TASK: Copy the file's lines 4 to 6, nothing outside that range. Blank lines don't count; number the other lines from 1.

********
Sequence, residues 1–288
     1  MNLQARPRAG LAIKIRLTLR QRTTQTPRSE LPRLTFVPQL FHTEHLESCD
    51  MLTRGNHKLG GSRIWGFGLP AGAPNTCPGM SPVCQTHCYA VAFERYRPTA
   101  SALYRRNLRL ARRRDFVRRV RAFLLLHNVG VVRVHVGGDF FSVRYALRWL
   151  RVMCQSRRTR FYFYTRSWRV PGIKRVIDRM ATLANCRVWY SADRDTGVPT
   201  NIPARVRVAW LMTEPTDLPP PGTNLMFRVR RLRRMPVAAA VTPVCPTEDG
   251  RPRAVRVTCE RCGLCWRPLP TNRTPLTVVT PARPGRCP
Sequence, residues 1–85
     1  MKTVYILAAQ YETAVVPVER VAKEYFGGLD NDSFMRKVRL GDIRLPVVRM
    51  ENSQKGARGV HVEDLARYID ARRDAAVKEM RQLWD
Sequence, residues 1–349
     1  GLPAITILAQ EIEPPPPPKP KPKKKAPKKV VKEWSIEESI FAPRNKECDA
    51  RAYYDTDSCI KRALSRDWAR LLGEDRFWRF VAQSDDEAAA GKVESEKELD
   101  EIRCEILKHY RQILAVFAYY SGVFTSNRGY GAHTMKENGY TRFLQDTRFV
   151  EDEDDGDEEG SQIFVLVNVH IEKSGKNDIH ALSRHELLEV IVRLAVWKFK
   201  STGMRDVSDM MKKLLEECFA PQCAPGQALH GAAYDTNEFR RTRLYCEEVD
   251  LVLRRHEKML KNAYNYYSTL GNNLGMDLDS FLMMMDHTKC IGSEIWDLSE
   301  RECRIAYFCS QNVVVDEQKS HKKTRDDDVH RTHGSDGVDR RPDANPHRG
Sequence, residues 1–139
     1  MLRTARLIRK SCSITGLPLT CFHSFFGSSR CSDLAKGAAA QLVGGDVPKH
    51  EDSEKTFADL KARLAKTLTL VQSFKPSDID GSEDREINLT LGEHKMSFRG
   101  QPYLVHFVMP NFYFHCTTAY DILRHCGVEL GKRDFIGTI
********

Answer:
   101  SALYRRNLRL ARRRDFVRRV RAFLLLHNVG VVRVHVGGDF FSVRYALRWL
   151  RVMCQSRRTR FYFYTRSWRV PGIKRVIDRM ATLANCRVWY SADRDTGVPT
   201  NIPARVRVAW LMTEPTDLPP PGTNLMFRVR RLRRMPVAAA VTPVCPTEDG